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AU - Czosnyka, Marek

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N2 - Objective Shunt failure is common in hydrocephalic patients. The cerebrospinal fluid (CSF) infusion test enables the assessment of CSF absorption capacity, which is represented by the resistance to CSF outflow (ROUT) However, shunt failure may not only affect the CSF absorption capacity but also the intracranial compliance or compensatory properties. Spectral analysis of the ICP signal obtained during the infusion test may enable the comprehensive assessment of the overall deterioration caused by shunt failure. Material and methods A total of 121 hydrocephalic shunted patients underwent the infusion test with continuous intracranial pressure (ICP) and arterial blood pressure (ABP) recording. The maximum amplitudes of three major frequency bandwidths (0.2-2.6, 2.6-4.0 and 4.0-15 Hz, respectively) were calculated from the ICP. Statistical analyses were conducted to identify factors significantly associated with shunt failure, to construct an index (i.e., the shunt response parameter, SRP) for detecting shunt failure, and to define thresholds for ROUT and SRP. Results The ROUT threshold for detecting shunt failure was 7.59 mmHg/ml/min, and this threshold showed an accuracy of 82.64%. All spectral parameters were found to be significantly associated with shunt patency (p <0.05). The SRP exhibited significantly better accuracy than ROUT in detecting shunt failure (91.74%). Conclusion The hydrodynamic assessment of shunted patients enhanced by spectral analysis during the infusion test detected shunt failure with high accuracy. Although further validation is needed, the SRP exhibited promising results.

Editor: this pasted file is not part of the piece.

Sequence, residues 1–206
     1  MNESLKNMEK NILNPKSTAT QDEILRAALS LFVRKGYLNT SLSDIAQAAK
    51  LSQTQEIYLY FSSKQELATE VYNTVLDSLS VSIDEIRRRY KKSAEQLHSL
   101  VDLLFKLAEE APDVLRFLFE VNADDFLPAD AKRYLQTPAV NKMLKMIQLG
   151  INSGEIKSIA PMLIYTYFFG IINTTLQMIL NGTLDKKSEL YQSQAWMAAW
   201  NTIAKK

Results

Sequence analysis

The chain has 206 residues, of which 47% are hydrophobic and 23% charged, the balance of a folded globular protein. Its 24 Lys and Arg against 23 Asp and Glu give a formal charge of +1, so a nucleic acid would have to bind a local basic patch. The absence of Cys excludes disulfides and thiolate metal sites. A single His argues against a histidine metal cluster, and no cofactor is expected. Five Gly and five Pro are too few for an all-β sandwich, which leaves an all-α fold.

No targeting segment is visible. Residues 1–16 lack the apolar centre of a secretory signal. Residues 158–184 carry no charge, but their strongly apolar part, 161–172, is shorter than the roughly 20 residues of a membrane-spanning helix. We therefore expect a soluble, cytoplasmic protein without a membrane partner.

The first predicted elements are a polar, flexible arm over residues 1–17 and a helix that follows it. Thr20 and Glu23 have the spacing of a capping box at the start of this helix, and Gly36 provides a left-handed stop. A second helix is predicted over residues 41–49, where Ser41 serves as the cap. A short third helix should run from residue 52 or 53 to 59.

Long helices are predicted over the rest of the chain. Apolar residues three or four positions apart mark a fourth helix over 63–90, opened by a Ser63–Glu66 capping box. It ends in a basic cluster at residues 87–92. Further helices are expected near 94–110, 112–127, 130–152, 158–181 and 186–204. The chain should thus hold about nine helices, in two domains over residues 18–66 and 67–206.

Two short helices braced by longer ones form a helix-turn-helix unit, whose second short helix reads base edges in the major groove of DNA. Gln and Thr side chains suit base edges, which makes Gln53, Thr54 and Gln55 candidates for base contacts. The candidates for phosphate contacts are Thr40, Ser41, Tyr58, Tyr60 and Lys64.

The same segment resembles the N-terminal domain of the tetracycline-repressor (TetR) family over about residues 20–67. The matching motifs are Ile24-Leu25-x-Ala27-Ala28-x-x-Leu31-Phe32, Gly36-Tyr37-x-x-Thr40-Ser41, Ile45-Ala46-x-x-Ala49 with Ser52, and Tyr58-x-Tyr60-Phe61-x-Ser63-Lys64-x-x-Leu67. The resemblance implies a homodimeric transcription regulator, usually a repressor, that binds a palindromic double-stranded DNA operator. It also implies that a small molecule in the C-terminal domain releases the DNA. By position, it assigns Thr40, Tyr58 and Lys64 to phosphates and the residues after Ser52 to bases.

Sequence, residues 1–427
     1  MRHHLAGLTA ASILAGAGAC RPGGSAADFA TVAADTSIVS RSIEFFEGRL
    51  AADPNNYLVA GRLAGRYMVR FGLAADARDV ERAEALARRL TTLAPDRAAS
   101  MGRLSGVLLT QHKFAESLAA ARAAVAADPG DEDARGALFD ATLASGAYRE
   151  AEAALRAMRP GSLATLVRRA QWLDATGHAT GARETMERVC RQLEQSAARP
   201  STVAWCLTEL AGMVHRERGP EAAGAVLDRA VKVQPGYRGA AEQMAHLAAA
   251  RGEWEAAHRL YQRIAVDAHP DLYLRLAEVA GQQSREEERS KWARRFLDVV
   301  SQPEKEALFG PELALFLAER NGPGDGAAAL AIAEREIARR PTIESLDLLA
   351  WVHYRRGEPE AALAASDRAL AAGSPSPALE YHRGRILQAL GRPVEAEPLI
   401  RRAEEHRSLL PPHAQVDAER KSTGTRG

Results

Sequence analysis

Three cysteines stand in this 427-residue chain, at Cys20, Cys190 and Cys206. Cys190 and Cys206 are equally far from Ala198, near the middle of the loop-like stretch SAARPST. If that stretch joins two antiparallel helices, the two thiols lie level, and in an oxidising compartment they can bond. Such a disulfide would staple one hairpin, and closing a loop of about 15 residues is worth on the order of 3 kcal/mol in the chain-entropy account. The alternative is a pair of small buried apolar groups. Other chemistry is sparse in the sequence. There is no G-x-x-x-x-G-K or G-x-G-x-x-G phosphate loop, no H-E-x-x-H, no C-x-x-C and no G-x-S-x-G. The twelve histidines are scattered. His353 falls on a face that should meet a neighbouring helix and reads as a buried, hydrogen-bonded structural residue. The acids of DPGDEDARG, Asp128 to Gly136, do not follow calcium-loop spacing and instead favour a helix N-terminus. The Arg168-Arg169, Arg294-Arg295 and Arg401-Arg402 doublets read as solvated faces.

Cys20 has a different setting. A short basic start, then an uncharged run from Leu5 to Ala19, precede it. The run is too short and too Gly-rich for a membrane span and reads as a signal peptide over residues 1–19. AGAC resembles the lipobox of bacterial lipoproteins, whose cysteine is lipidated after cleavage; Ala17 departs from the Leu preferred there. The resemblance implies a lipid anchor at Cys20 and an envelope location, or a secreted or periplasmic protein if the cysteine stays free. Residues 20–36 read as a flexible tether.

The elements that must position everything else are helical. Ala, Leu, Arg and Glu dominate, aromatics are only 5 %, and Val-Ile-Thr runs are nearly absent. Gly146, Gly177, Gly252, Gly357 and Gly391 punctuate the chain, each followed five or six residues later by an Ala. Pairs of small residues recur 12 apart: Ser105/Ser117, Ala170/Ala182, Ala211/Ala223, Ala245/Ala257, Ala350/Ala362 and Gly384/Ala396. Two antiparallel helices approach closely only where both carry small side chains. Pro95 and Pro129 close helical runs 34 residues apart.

AB - Objective Shunt failure is common in hydrocephalic patients. The cerebrospinal fluid (CSF) infusion test enables the assessment of CSF absorption capacity, which is represented by the resistance to CSF outflow (ROUT) However, shunt failure may not only affect the CSF absorption capacity but also the intracranial compliance or compensatory properties. Spectral analysis of the ICP signal obtained during the infusion test may enable the comprehensive assessment of the overall deterioration caused by shunt failure. Material and methods A total of 121 hydrocephalic shunted patients underwent the infusion test with continuous intracranial pressure (ICP) and arterial blood pressure (ABP) recording. The maximum amplitudes of three major frequency bandwidths (0.2-2.6, 2.6-4.0 and 4.0-15 Hz, respectively) were calculated from the ICP. Statistical analyses were conducted to identify factors significantly associated with shunt failure, to construct an index (i.e., the shunt response parameter, SRP) for detecting shunt failure, and to define thresholds for ROUT and SRP. Results The ROUT threshold for detecting shunt failure was 7.59 mmHg/ml/min, and this threshold showed an accuracy of 82.64%. All spectral parameters were found to be significantly associated with shunt patency (p <0.05). The SRP exhibited significantly better accuracy than ROUT in detecting shunt failure (91.74%). Conclusion The hydrodynamic assessment of shunted patients enhanced by spectral analysis during the infusion test detected shunt failure with high accuracy. Although further validation is needed, the SRP exhibited promising results.